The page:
Your Search Results

Use this resource - and many more! - in your textbook!

AcademicPub holds over eight million pieces of educational content for you to mix-and-match your way.

Experience the freedom of customizing your course pack with AcademicPub!
Not an educator but still interested in using this content? No problem! Visit our provider's page to contact the publisher and get permission directly.

Reassortment Networks for Investigating the Evolution of Segmented Viruses

By: Bokhari, S.H.; Janies, D.;

2010 / IEEE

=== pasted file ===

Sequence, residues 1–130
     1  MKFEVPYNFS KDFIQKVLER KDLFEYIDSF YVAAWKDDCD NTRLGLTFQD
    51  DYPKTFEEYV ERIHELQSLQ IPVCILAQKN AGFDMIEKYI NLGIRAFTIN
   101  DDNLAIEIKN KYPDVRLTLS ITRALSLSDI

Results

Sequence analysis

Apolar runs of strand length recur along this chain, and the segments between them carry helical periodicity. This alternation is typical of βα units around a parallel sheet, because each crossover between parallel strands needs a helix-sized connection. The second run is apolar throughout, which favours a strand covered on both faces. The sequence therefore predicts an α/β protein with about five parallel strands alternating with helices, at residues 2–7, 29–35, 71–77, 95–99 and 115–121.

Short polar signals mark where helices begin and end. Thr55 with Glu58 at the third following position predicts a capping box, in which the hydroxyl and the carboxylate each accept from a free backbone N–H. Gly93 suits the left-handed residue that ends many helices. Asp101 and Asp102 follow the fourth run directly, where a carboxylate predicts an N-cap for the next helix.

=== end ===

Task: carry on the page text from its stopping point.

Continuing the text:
This item was taken from the IEEE Periodical ' Reassortment Networks for Investigating the Evolution of Segmented Viruses ' Many viruses of interest, such as influenza A, have distinct segments in their genome. The evolution of these viruses involves mutation and reassortment, where segments are interchanged between viruses that coinfect a host. Phylogenetic trees can be constructed to investigate the mutation-driven evolution of individual viral segments. However, reassortment events among viral genomes are not well depicted in such bifurcating trees. We propose the concept of reassortment networks to analyze the evolution of segmented viruses. These are layered graphs in which the layers represent evolutionary stages such as a temporal series of seasons in which influenza viruses are isolated. Nodes represent viral isolates and reassortment events between pairs of isolates. Edges represent evolutionary steps, while weights on edges represent edit costs of reassortment and mutation events. Paths represent possible transformation series among viruses. The length of each path is the sum edit cost of the events required to transform one virus into another. In order to analyze ¿ stages of evolution of n viruses with segments of maximum length m, we first compute the pairwise distances between all corresponding segments of all viruses in O(m2n2) time using dynamic programming. The reassortment network, with O(¿n2) nodes, is then constructed using these distances. The ancestors and descendents of a specific virus can be traced via shortest paths in this network, which can be found in O(¿n3) time.